Helping to Understand Autism
Helping to understand Autism – what parents need to know.
Autism spectrum disorder (ASD) is a neurodevelopmental disorder with symptoms usually recognized in early childhood (before 24 months), though formal diagnosis may not occur until preschool age or later. In March 2014, the CDC reported the rate of ASD to be approximately 1 in 68 children.
ASD is a lifelong condition and affects multiple areas of life such as education, career, and family. Characteristics of ASD are in multiple areas and may include the following:
- Cognitive: Strengths are often seen in non-verbal tasks and memorization while difficulties are often in areas of verbal problem-solving
- Social Skills: Commonly, children with ASD have difficulties with social norms and rules such as taking turns. They may also struggle with understanding emotional expressions and being able to understand someone else’s perspective (put themselves in someone else’s shoes)
- Communication: Children with ASD often struggle with verbal communication; both understanding others and expressing themselves
- Organization: May have difficulty being a “self-starter” and following through with tasks, going from one activity to another, or being flexible with schedules/time
The CDC outlines early signs of ASD which may include the following:
- Not respond to their name by 12 months of age
- Not point at objects to show interest (point at an airplane flying over) by 14 months
- Not play “pretend” games (pretend to “feed” a doll) by 18 months
- Avoid eye contact and want to be alone
- Have trouble understanding other people’s feelings or talking about their own feelings
- Have delayed speech and language skills
- Repeat words or phrases over and over (echolalia)
- Give unrelated answers to questions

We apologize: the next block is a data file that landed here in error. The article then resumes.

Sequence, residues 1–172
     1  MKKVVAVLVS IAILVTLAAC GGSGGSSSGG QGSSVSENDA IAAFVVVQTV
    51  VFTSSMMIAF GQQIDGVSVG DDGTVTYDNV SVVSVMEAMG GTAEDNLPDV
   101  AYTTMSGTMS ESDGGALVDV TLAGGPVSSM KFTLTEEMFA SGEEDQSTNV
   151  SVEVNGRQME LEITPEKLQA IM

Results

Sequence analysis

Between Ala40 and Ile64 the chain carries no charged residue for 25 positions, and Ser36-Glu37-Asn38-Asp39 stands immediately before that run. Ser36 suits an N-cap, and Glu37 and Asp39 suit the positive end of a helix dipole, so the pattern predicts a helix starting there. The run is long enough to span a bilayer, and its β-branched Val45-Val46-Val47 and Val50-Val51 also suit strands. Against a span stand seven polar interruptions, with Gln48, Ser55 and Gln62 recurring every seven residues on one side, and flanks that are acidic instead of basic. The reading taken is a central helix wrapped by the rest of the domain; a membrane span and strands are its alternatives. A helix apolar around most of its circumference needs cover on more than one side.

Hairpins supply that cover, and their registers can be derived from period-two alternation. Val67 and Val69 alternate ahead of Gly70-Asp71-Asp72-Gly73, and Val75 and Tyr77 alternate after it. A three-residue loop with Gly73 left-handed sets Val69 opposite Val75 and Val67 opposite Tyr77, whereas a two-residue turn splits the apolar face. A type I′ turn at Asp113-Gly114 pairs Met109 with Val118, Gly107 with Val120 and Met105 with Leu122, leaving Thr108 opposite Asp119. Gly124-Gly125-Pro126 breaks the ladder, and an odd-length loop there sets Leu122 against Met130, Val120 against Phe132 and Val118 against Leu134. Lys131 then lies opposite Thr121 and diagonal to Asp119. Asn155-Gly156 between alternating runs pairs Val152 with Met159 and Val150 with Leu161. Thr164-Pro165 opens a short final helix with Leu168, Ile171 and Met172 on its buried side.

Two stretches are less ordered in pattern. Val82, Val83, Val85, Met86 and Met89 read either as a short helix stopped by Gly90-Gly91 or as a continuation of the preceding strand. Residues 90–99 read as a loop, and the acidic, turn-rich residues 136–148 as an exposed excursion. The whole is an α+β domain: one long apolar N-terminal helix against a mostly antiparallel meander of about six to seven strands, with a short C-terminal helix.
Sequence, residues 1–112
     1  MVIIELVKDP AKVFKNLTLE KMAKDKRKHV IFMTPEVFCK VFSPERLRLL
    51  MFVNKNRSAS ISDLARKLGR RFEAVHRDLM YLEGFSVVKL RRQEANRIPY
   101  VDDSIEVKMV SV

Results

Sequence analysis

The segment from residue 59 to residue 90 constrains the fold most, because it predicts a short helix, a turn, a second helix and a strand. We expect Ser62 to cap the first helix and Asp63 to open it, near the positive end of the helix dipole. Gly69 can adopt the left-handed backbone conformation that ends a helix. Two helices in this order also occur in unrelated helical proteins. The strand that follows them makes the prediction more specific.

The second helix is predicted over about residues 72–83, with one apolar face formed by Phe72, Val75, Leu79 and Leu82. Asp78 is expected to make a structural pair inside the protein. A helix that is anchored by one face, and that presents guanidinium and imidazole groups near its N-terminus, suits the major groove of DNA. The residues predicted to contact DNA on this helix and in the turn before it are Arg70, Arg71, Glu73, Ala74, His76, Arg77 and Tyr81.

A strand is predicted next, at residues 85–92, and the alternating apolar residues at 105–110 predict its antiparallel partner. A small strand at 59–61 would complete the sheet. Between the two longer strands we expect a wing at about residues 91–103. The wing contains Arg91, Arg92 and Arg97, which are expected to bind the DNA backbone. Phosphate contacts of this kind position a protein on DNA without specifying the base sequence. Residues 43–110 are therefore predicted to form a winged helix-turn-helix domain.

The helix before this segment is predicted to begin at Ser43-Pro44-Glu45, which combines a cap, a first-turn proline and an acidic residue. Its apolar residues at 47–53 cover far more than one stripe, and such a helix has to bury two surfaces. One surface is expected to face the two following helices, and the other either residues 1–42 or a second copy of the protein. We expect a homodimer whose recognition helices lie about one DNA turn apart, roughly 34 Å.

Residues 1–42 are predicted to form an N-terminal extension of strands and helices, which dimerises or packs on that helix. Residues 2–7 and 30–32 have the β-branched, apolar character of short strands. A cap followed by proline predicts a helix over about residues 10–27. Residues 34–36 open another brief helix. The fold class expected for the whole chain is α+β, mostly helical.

- Get upset by minor changes
- Have obsessive interests
- Flap their hands, rock their body, or spin in circles
- Have unusual reactions to the way things sound, smell, taste, look, or feel
If you are concerned about your child’s development, speak with a medical professional. You can also contact your local school district and ask about options for free early intervention services (before age 3) or school-age support services (ages 3-22).
Diagnosing a child with ASD is an extensive process based on behaviors, not medical tests. An evaluation may include multiple professionals in order to assess language, behavior, cognition, and social skill development.
What to Tell Your Dentist
Children with ASD often have sensory sensitivities that may be related to noise, texture, taste, temperature, lighting, pressure, or others. These sensitivities usually affect the child’s diet and food preferences which may in turn affect their oral health. In addition, a visit to the dentist involves a relatively unfamiliar environment with sensory experiences the child is not routinely exposed to. Be sure to tell your dentist if you child has any of the following sensitivities:
- noise (volume, pitch, etc)
- taste (sweet, sour, bitter, salty)
- touch (pressure, fabrics, etc)
- visual (lights, TVs)
- smells (specific cleaners, soaps, etc)
Helping to understand Autism means you can support your child through his/her dental visits in the best possible way.
When you schedule your child’s appointment with a dentist, be as specific as possible with any information that might be helpful in planning a successful appointment.
We at Caring Tree Children’s Dentistry are always looking for ways to improve your experience with us. Check back soon for a sensory questionnaire for your child’s next dental visit.
We want to see ALL children by their first birthday to aid in prevention and help your child be as comfortable as possible with their regular visits to the dentist.
Contributed by Miranda Kucera, PhD, school psychologist in Placer County
Early Signs of Autism Video Tutorial from the Kennedy Krieger Institute